Josh Birdsong – Simple Geometry
The first release from Nashville based singer/songwriter/guitarist Josh Birdsong, Simple Geometry, is a five song EP that challenges preconceptions of what this short recording form is capable of. Within the space of five relatively brief songs, Birdsong manages to invoke worlds of feeling and sound. He does much of this through atmosphere, particularly through how he deploys his guitar with the use of digital effects like reverb and delay. Unlike more crass practitioners of the form, Birdsong never lathers these tracks up with too much tinsel and, instead, uses the production techniques as just another color in his palette and they add much. His vocals are uniformly strong, but the strongest aspect they manifest is their emotive consistency and the quality phrasing. The phrasing casts a bright spotlight on his lyrical inventions and they are more than able to withstand the scrutiny.
The first song “Unspeakable” ranks among the EP’s best lyrical moments. Birdsong has a real aptitude for mixing literary flair with purely functional song lyrics that nevertheless serve the music well. His phrasing takes care to enunciate each phrase and pours all of his emotional power into them without ever leaving the work overwrought or purple. He takes the same approach to the follow up song and single, “Radio Waves”. This track is probably the EP’s truest guitar showcase. Birdsong’s use of delay here is particularly effective as the six string sounds seem to lap over themselves and create multiple melodies off the same central figure. Birdsong’s playing does an equally entertaining job of embodying the song’s title and main metaphor through their sound alone. The lyrical content is even more inventive here than they were on the first song and Birdsong shows the same attentiveness that set his first vocal apart from typical efforts in this vein.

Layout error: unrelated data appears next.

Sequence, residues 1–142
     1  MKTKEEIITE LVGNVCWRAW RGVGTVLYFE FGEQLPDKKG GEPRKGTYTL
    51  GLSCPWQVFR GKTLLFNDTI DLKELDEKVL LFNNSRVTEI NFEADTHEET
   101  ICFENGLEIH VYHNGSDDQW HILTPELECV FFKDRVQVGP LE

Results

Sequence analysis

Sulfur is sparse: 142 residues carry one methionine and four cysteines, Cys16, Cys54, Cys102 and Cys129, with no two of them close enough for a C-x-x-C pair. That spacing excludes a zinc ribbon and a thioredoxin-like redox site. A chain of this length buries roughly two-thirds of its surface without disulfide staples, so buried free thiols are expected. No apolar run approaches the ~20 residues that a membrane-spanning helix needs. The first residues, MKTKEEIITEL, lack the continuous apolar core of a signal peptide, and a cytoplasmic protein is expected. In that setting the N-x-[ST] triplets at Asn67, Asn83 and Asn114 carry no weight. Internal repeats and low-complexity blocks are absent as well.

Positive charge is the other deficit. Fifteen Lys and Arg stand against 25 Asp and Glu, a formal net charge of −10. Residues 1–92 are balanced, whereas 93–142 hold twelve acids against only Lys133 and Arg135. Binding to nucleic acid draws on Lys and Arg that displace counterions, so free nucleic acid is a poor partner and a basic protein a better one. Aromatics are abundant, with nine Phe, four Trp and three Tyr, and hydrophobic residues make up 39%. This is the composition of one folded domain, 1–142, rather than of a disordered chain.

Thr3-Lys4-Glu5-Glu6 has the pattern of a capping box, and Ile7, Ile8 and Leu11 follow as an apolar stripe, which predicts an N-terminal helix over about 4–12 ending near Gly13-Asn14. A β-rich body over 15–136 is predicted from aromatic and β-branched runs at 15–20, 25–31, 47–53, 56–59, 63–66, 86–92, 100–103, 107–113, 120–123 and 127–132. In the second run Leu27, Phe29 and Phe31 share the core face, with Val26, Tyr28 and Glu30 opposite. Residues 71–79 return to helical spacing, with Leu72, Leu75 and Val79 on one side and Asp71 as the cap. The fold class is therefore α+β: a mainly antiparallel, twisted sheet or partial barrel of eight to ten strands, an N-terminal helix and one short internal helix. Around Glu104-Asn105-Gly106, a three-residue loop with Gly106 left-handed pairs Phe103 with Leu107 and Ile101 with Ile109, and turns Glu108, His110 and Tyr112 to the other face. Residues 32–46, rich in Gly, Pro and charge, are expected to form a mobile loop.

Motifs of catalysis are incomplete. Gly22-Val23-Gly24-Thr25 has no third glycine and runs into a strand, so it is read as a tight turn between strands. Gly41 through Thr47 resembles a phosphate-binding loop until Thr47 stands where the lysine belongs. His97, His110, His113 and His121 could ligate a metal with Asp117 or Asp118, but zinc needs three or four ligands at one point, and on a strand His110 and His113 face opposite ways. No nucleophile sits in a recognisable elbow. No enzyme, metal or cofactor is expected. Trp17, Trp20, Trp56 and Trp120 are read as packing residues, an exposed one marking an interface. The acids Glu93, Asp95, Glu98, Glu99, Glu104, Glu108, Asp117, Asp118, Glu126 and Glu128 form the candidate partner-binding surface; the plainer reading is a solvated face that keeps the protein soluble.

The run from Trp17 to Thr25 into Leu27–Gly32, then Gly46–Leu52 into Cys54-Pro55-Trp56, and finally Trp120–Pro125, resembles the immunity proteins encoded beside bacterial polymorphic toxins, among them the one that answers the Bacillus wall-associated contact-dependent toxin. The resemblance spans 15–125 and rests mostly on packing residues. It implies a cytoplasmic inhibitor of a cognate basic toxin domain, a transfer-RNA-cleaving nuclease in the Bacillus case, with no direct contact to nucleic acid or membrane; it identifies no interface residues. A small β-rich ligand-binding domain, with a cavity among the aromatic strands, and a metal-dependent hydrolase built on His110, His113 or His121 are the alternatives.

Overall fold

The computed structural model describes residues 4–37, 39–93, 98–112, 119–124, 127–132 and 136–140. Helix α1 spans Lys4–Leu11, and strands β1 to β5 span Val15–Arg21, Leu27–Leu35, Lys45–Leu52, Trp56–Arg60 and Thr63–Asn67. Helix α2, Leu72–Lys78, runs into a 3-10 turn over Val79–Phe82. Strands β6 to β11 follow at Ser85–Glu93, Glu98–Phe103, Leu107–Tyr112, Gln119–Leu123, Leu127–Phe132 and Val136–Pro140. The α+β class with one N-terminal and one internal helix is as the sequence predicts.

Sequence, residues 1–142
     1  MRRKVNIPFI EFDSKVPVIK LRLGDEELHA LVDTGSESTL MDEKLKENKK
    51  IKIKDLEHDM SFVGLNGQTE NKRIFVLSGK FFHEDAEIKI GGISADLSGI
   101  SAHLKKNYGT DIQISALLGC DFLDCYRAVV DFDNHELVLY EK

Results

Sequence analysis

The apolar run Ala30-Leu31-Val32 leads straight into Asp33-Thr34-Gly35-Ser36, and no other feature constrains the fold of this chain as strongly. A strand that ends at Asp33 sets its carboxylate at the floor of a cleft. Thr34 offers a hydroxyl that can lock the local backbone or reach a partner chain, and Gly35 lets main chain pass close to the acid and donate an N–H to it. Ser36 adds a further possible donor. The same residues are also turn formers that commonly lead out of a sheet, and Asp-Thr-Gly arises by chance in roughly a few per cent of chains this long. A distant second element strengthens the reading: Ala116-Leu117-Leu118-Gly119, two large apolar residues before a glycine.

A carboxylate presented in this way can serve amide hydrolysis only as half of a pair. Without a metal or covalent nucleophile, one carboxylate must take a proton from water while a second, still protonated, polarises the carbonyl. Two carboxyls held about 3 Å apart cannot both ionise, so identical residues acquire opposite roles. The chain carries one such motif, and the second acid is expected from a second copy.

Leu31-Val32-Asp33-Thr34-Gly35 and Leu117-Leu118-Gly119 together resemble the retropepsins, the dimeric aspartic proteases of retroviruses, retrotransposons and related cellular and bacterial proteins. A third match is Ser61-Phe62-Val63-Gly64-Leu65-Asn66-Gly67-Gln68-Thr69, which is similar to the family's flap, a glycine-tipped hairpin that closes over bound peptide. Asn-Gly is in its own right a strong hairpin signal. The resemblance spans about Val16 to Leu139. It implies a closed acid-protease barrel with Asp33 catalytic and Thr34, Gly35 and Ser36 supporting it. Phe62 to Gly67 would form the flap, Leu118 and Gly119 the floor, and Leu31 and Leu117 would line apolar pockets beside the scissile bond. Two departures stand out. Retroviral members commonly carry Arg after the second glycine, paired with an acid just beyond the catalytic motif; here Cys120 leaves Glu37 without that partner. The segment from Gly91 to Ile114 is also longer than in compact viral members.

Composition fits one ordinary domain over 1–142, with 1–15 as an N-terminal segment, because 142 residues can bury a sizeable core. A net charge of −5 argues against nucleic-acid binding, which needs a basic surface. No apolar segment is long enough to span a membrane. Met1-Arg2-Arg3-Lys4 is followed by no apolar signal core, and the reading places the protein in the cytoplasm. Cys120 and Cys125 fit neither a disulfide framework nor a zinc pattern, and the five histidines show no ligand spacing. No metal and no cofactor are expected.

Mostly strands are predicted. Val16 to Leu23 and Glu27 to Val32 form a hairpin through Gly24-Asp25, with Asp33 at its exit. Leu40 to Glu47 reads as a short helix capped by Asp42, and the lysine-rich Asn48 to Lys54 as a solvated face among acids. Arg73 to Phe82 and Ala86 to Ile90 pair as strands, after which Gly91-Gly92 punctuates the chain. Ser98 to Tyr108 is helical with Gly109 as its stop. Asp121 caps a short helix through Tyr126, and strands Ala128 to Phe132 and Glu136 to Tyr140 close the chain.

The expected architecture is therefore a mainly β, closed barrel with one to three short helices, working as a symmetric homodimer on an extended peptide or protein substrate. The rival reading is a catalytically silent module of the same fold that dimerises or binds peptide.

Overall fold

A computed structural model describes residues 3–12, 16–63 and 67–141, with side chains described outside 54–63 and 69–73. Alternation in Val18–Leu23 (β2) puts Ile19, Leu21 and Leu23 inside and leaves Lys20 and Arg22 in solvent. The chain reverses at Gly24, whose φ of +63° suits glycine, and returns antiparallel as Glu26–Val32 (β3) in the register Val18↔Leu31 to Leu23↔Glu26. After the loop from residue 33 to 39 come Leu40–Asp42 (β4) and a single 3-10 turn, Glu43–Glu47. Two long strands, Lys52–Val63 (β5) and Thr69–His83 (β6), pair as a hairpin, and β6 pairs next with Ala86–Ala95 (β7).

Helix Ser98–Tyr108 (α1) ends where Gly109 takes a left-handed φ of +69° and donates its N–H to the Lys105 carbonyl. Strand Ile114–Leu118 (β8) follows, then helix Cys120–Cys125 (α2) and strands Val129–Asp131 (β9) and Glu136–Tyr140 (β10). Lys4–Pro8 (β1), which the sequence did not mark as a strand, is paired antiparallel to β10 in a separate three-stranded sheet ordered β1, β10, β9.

“Drive” abandons the effects so prevalent in earlier tracks in favor of a more diversified approach still focused on the guitar. The cleaner approach makes the song, despite its alternating dynamics of light and shade, even more immediate than its predecessors and his vocal sounds like it could be sung close up. “Why” has a higher degree of intensity than many of the earlier songs thanks to its busy arrangement and frequent shifting, but it never overwhelms the listener. The same stylishness pervading the earlier tracks makes its presence felt here as well and the interesting tempo engages listeners with surprising physicality. The EP’s closer, “You and I”, is a complete 180 from what has come before. This solo acoustic track places Birdsong alone in the spotlight, but he never flinches from the challenge. If anything, his songwriting gains added depths from such an unadorned presentation and connects with the listener in a decidedly different, more vulnerable fashion than the EP’s earlier numbers. Simple Geometry has a real humanity that comes from every song and Birdsong’s vocals and instrumental presence make that possible.
9 out of 10 stars.